"Staff Pick" by ,

Scads of witty dialogue, a story packed full of twists and turns, and two of the cheekiest thieves you'll ever meet... What more could a reader ask for? The Lies of Locke Lamora is the first book in the Gentleman Bastard series, and the two books that follow are equally entertaining. Scott Lynch weaves an absorbing tale that will whisk you right out of this world and keep you thoroughly entertained.

"Review" by , "Locke's resilience and wit give the book the tragicomic air of a traditional picaresque, rubbery ethics and all."
"Review" by , "Fafhrd and the Grey Mouser would have felt right at home with the Gentleman Bastards. They're not out to save the world, just their own skins...oh, and to relieve some nobles of their gold, jewels, and silks along the way. This is a fresh, original, and engrossing tale by a bright new voice in the fantasy genre. Locke Lamora makes for an engaging rogue, and Camorr a fascinating and gorgeously realized setting, a city to rival Lankhmar, Amber, and Viriconium. I look forward to returning there for many more visits."
"Review" by , "Scott Lynch is a con man, a conjuror, a wickedly entertaining juggler of words with knives up his sleeves and hatchets down his back. By the time you realize he's dangerous, you're already bleeding. The Lies of Locke Lamora is a ticket inside the astonishing city-state Camorr, and a free pass into the company of the entirely extraordinary Gentleman Bastards, and a match for any fantasy adventure I've ever read. The best news is: it's Book One. That means there'll be more."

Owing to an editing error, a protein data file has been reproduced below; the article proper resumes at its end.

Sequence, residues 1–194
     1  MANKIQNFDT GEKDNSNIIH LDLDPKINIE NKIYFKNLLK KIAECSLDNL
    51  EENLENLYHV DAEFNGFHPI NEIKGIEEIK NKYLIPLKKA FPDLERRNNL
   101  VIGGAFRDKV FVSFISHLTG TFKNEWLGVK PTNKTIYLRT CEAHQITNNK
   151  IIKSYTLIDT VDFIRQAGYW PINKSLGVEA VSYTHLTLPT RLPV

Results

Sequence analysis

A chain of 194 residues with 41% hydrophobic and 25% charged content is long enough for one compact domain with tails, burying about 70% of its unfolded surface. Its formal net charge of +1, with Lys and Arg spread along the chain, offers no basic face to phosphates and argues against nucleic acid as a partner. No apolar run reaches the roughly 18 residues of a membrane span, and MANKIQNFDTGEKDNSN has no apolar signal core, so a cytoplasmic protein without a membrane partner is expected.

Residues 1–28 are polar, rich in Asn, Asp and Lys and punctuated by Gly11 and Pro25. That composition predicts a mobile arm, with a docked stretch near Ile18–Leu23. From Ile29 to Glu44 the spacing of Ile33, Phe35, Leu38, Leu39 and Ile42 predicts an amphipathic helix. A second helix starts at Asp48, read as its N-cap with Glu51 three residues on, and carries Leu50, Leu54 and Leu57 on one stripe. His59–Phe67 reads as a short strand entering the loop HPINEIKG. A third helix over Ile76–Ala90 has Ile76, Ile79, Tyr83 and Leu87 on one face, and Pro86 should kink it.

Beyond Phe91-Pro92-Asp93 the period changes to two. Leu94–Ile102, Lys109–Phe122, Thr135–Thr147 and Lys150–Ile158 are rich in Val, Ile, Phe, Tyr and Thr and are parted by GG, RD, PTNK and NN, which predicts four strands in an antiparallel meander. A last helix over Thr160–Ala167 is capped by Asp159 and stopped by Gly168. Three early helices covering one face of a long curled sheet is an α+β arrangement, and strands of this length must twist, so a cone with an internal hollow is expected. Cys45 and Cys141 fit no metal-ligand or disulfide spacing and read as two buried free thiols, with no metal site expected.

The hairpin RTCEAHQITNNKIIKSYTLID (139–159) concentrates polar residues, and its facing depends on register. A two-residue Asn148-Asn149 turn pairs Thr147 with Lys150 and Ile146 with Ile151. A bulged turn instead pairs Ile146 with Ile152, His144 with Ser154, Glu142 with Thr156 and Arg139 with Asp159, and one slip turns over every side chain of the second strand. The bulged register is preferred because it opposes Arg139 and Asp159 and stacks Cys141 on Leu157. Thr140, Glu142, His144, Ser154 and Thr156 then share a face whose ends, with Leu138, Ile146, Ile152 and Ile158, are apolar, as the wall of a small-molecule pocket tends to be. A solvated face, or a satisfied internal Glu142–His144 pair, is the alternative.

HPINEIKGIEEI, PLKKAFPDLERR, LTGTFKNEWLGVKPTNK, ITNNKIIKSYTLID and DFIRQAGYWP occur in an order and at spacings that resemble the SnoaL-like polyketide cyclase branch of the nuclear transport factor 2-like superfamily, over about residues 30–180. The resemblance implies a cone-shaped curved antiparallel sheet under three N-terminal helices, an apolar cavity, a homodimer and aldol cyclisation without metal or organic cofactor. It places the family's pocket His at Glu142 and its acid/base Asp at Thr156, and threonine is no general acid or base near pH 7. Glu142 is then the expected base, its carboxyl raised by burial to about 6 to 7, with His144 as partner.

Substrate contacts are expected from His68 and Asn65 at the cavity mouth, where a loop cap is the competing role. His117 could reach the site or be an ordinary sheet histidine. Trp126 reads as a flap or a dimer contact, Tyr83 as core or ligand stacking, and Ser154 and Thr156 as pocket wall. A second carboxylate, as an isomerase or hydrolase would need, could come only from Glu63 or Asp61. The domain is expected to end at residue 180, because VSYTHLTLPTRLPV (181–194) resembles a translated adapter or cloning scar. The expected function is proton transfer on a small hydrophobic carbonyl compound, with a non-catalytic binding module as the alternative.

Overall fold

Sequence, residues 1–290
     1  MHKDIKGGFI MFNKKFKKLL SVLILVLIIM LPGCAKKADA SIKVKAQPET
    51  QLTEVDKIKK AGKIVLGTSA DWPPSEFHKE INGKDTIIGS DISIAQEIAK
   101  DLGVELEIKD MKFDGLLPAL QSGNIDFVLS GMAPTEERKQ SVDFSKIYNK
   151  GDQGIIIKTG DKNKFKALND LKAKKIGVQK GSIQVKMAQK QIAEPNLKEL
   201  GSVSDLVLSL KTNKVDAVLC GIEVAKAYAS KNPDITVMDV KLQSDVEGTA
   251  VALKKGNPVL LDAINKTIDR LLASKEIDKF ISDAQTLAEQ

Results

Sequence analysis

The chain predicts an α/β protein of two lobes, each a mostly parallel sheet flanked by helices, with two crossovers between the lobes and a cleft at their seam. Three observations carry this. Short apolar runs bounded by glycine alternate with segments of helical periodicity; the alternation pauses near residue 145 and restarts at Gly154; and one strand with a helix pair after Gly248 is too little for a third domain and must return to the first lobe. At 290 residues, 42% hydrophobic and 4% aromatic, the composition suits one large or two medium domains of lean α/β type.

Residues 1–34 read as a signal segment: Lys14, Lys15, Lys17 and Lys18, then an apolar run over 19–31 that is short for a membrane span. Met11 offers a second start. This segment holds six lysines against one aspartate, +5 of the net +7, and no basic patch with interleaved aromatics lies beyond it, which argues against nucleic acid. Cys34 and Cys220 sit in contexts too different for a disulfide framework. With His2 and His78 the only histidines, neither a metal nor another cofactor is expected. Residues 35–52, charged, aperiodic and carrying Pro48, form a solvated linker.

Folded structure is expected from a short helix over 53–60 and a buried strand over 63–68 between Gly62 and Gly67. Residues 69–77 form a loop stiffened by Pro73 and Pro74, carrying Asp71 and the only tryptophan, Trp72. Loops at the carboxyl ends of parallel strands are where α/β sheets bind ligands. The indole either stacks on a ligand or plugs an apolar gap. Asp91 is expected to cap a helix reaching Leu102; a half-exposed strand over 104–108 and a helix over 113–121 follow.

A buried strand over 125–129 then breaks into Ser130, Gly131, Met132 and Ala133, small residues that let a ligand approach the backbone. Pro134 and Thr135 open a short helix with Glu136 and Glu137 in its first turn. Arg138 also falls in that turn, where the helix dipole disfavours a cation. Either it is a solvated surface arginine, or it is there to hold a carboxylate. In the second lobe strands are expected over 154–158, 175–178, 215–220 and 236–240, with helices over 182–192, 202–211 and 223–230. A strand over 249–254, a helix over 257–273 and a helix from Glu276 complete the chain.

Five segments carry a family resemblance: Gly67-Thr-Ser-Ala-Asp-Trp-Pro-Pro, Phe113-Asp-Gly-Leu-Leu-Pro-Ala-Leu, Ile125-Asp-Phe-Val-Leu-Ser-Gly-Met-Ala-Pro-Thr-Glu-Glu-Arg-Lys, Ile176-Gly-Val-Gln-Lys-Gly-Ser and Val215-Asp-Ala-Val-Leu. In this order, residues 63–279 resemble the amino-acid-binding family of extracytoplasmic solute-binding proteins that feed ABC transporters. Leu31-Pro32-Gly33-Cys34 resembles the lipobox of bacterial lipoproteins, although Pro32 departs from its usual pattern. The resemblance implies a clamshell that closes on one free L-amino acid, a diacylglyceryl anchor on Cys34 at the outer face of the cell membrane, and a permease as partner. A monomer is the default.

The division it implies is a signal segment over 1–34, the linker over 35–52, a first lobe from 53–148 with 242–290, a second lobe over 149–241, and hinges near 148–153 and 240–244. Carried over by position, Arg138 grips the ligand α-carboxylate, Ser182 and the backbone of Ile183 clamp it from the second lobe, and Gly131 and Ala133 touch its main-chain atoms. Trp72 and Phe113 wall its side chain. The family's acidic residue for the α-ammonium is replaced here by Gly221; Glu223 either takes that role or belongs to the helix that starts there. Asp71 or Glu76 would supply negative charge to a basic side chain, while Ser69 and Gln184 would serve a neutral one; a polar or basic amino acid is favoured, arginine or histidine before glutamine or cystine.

"Review" by , "Among the year's most impressive debuts...Lynch immediately establishes himself as a gifted and fearless storyteller, unafraid of comparisons to Silverberg and Jordan, not to mention David Liss and even Dickens. Fans of lavishly appointed fantasy will be in seventh heaven here, but it will be nearly as popular with readers of literary crime fiction."
"Review" by , “Remarkable....Scott Lynch’s first novel, The Lies of Locke Lamora, exports the suspense and wit of a cleverly constructed crime caper into an exotic realm of fantasy, and the result is engagingly entertaining.”
"Synopsis" by , An orphan’s life is harsh — and often short — in the mysterious island city of Camorr. But young Locke Lamora dodges death and slavery, becoming a thief under the tutelage of a gifted con artist. As leader of the band of light-fingered brothers known as the Gentleman Bastards, Locke is soon infamous, fooling even the underworld’s most feared ruler. But in the shadows lurks someone still more ambitious and deadly. Faced with a bloody coup that threatens to destroy everyone and everything that holds meaning in his mercenary life, Locke vows to beat the enemy at his own brutal game — or die trying.